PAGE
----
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A yet relatively unknown place in Portugal near to the border with Spain, with amazing birdlife, home to one of Portugal’s most important, large, independent nature reserve – Faia Brava. An area where wild nature and wildlife is coming back.
The river gorges, oak forests, rocky heathlands and scattered crops constitute a spectacular mix in the Côa valley, between Douro river and Malcata range. The abandonment of a big part of the old crop land has brought a new opportunity for the comeback of wildlife.
Western Iberia’s rich and varied Dehesa, Montado and Sierra landscapes, crossed by deep river valleys that straddle the border between Portugal and Spain, has become one of the most exciting wild areas of the Iberian Peninsula. A large part of the landscape is now regulated mainly by ecological processes. Here wildlife thrives in natural densities and the previous very active land management has taken a clear step back towards non-management. In combination with some of the old local traditions, ways and products, this new wild dimension has created new sources of income and pride for the region’s inhabitants.
The unbroken ecological integrity of this vast Mediterranean ecosystem has been secured in this rewilding area in Portugal, while at the same time large parts of it have become much wilder than before. Core rewilding areas with no-take zones have been established, that are connected through wildlife corridors and surrounded by transition- and buffer zones, where people still use the landscape in relatively traditional, but more sustainable and wildlife friendly ways.
Western Iberia has not become a huge, unbroken wilderness area, but rather a much wilder version of the Dehesa/Montado habitat, containing several really wild zones where the full original native range of species is back in place. The management principle practiced in the core areas is based on allowing for the natural processes and letting nature manage itself to an as high degree as possible, through a gradual process from the former active management.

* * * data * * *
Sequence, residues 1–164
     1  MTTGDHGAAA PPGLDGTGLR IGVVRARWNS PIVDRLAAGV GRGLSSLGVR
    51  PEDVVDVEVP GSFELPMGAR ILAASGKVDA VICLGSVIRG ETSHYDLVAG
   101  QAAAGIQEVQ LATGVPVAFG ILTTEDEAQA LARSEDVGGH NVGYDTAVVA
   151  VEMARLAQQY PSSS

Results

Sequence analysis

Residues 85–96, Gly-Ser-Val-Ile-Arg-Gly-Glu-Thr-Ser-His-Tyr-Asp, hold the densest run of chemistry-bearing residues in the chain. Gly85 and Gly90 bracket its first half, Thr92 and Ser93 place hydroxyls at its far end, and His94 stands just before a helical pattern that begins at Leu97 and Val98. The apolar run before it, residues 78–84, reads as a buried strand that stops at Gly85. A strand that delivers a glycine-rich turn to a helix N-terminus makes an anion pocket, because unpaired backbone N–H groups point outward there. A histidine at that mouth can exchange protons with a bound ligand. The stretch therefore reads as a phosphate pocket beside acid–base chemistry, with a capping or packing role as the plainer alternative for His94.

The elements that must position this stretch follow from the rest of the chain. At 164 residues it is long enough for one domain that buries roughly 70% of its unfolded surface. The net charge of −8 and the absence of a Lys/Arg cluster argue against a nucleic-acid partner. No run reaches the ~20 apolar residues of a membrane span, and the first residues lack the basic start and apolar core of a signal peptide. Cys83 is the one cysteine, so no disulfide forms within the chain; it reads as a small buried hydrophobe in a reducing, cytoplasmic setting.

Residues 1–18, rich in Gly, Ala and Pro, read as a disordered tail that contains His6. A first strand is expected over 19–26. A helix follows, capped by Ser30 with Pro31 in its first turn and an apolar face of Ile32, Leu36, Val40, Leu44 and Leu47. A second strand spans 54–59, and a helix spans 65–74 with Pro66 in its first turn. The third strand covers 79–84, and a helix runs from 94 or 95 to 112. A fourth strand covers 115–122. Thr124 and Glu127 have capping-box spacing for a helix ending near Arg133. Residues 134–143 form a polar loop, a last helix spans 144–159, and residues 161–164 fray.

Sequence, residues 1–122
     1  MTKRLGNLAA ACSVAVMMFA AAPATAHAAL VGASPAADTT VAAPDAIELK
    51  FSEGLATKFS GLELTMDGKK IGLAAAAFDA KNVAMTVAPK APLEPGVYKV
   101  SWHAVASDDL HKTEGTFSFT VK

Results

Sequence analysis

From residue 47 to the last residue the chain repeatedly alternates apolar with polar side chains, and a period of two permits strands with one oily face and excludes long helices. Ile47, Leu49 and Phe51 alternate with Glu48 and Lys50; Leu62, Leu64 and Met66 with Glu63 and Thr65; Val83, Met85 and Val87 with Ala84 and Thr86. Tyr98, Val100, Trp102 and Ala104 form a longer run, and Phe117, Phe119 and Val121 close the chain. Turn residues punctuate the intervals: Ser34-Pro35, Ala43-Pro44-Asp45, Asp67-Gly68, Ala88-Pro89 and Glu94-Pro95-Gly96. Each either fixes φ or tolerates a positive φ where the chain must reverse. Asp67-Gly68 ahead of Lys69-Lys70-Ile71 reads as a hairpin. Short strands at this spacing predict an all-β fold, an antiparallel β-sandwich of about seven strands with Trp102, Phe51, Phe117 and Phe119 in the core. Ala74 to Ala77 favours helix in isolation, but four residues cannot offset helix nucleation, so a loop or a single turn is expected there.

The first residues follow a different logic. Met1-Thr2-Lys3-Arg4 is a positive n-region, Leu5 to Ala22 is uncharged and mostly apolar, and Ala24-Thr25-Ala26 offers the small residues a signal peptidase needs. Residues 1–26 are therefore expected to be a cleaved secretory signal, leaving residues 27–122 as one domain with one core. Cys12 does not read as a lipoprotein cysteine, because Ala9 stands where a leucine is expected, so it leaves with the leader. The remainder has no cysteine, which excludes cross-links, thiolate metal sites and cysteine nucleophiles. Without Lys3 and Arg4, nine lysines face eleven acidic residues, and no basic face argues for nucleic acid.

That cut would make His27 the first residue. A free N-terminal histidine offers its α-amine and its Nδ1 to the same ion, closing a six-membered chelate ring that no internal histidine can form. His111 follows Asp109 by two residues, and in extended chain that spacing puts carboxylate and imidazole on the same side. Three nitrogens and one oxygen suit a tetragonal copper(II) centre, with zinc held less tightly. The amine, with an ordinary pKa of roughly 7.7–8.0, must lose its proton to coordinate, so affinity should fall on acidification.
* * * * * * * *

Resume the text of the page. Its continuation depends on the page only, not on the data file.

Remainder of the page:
Western Iberia has attracted new, young people, for whom it provides business opportunities based on these wild values, local products and culture, thereby contributing to its future. The negative spiral of land abandonment, loss of biodiversity and diminishing local culture has turned into new prosperity, attracting and inspiring many visitors, also from far outside the region. Western Iberia is ecologically connected to similar natural, wild areas in other parts of Western and Northern Iberia, through the Natura 2000 network, and the rewilding team actively works also with this connectivity.
As a result of rural depopulation and associated land abandonment across much of the Mediterranean, grazing livestock numbers have plummeted, leading to a very significant increase of landscapes without any form of grazing. As a result, many landscapes are now covered by young, often monotonous forest or dense scrub.
One obvious case where this has happened is Portugal’s Côa Valley, part of of the Western Iberia rewilding area, in a region with the higest levels of land abandonment in the whole of Europe. The proliferation of bushes here, coupled with the close plantation of pine and eucalyptus trees, means the landscape is very susceptible to forest fire, with this problem exacerbated by long hot summers driven by climate change. Although fire is a natural process in itself, the current frequency and intensity of fires not only causes severe habitat loss and environmental degradation, but also serious economic losses and even loss of human life.
By bringing back grazing – this time not with livestock but with (semi-) wild herbivores such as wild horses and Tauros – Rewilding Europe and its local partners can significantly reduce the risk of fire in the Western Iberia rewilding area. Reintroducing such herbivores will also improve conditions for populations of roe deer and Iberian ibex. Natural grazing by these species leads to the creation of more diverse mosaic landscapes, with open spaces that act as effective firebreaks.
These mosaic landsapes have a huge biodiversity and also help boost populations of species such as rabbit and red-legged partridge, which in turn increases the availability of prey for predators such as the Iberian lynx and Bonelli’s eagle, and scavengers such as vultures.